I cut and paste only the first part of this report. Click into the link for the full report and pictures.

How we cracked it 37: Margate

The challenge: To create a 25m-high sculpture that would collapse in a controlled manner and burn safely.

The solution:Steel posts and timber members with different sizes and char rates.


... ....

Step 1: the brief

We were appointed by arts facilitator Artangel to provide engineering back-up to Antony Gormley’s studio for the design of a 25m-high sculpture of a man constructed from waste. The sculpture was to be burnt as part of a live event called The Margate Exodus, and as a focal point of a Channel 4 film re-telling the Exodus story. The sculpture itself symbolises “the unwanted detritus of consumer society”.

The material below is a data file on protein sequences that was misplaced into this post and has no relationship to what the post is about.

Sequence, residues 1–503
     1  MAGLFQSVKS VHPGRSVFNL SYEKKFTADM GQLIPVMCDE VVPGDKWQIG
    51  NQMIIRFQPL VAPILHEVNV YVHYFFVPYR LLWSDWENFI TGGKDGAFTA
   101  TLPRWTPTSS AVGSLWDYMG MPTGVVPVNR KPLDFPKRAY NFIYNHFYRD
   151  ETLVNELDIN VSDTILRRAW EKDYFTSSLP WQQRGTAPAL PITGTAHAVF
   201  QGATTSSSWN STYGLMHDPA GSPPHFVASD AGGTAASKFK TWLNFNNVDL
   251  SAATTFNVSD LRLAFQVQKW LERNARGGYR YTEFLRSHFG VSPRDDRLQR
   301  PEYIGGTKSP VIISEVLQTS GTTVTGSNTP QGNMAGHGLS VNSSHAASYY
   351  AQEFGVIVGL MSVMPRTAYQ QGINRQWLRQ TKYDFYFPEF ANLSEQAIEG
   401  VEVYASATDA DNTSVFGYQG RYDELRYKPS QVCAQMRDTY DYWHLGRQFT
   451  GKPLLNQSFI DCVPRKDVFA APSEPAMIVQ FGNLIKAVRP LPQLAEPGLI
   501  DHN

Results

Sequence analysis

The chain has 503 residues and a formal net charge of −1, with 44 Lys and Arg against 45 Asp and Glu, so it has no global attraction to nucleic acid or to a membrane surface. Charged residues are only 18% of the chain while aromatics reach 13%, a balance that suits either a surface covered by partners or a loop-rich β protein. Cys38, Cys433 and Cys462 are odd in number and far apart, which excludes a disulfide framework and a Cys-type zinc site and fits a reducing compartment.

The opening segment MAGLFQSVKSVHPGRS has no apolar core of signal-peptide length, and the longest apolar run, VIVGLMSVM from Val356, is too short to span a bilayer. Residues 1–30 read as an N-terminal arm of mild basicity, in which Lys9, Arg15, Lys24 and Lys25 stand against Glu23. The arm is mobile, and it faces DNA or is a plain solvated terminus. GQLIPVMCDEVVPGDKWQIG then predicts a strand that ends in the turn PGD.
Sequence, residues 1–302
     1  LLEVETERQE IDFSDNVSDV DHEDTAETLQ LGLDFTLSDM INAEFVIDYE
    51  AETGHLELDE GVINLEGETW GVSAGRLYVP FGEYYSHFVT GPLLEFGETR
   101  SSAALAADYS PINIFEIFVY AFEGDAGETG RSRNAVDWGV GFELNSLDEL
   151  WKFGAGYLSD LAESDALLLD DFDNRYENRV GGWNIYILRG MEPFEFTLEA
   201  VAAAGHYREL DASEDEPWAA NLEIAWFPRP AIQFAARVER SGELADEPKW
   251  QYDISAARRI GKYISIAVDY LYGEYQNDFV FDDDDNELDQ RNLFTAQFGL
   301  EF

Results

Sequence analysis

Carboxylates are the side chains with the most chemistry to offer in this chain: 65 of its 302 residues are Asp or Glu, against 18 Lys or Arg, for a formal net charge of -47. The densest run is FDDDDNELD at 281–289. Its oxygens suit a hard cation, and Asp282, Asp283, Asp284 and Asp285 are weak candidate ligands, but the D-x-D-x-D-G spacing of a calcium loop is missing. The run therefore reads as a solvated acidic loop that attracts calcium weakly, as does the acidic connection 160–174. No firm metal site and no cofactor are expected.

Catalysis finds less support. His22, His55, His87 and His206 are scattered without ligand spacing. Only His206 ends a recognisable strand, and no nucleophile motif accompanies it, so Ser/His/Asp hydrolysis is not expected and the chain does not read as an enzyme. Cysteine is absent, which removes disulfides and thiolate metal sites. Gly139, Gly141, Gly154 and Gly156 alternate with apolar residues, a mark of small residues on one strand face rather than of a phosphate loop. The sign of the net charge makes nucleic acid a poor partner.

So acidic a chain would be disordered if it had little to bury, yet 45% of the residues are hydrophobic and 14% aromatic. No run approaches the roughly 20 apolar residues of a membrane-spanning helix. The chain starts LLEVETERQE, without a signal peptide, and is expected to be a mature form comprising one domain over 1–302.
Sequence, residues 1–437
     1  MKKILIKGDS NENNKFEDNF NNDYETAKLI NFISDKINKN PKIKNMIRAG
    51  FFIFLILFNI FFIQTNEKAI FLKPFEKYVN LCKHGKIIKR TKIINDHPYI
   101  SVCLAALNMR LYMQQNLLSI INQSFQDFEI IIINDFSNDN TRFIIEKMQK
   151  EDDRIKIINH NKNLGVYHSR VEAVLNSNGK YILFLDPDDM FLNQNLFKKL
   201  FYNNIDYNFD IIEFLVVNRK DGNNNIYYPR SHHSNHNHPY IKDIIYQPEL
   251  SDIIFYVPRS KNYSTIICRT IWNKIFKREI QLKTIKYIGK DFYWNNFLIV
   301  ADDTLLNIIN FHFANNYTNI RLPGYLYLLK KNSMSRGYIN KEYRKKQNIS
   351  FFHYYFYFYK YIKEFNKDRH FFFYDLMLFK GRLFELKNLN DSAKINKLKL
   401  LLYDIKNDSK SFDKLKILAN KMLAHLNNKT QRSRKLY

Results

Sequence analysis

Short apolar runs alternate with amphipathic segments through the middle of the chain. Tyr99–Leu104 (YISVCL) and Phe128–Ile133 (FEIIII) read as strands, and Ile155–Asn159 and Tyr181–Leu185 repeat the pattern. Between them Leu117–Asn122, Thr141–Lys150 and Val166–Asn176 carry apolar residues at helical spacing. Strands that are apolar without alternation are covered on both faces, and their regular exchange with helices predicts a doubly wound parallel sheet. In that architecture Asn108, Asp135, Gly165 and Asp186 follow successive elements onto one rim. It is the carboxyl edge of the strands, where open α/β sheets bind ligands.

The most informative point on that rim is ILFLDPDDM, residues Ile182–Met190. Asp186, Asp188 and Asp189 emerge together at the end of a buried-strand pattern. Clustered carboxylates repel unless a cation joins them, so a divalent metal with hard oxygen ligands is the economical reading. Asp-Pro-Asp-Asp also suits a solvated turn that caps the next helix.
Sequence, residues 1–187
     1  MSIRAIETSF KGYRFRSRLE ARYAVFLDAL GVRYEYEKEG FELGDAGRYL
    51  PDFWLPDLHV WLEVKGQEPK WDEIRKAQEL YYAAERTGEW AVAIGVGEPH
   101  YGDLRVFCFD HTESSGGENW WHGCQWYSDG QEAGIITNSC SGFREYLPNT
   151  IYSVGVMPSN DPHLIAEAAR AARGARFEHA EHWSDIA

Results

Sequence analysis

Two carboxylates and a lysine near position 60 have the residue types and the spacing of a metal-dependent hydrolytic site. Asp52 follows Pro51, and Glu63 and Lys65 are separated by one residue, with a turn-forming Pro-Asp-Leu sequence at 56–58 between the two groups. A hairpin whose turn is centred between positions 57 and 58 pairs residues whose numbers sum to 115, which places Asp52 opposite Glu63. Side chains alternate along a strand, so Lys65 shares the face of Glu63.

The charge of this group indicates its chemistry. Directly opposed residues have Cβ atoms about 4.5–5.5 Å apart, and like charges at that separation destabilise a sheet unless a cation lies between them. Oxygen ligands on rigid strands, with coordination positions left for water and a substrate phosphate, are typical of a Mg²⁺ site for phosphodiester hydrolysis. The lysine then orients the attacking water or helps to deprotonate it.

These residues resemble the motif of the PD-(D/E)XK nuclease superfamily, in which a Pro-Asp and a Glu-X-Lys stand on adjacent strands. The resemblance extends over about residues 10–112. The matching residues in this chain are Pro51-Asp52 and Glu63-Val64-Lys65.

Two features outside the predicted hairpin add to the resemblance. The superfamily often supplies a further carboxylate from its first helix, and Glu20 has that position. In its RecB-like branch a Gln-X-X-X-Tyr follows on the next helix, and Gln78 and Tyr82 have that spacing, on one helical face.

The key requirements were that the arms and head of the sculpture were to be dragged through the streets of Margate and then lifted into place on to the sculpture before burning. The sculpture had to disappear during the burn.

To add drama during the burning, a series of articulations were to be incorporated. Both arms were to rotate downwards during the burn and the head and upper torso were to collapse forwards.

The challenges were therefore to produce a temporary structure that would withstand potentially substantial wind loads up to the time of the burning, support the vertical loads of the waste, but that would collapse in a given sequence during the burning.

Step 2: Sculptural form